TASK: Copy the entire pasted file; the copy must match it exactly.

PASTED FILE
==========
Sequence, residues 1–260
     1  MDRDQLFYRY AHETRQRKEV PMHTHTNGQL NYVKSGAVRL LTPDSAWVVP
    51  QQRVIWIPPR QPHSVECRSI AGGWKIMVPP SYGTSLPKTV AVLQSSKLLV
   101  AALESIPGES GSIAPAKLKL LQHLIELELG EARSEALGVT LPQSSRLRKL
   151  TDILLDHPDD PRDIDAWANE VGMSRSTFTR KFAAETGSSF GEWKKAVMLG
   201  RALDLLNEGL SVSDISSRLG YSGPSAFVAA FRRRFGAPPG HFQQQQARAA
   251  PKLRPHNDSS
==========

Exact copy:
Sequence, residues 1–260
     1  MDRDQLFYRY AHETRQRKEV PMHTHTNGQL NYVKSGAVRL LTPDSAWVVP
    51  QQRVIWIPPR QPHSVECRSI AGGWKIMVPP SYGTSLPKTV AVLQSSKLLV
   101  AALESIPGES GSIAPAKLKL LQHLIELELG EARSEALGVT LPQSSRLRKL
   151  TDILLDHPDD PRDIDAWANE VGMSRSTFTR KFAAETGSSF GEWKKAVMLG
   201  RALDLLNEGL SVSDISSRLG YSGPSAFVAA FRRRFGAPPG HFQQQQARAA
   251  PKLRPHNDSS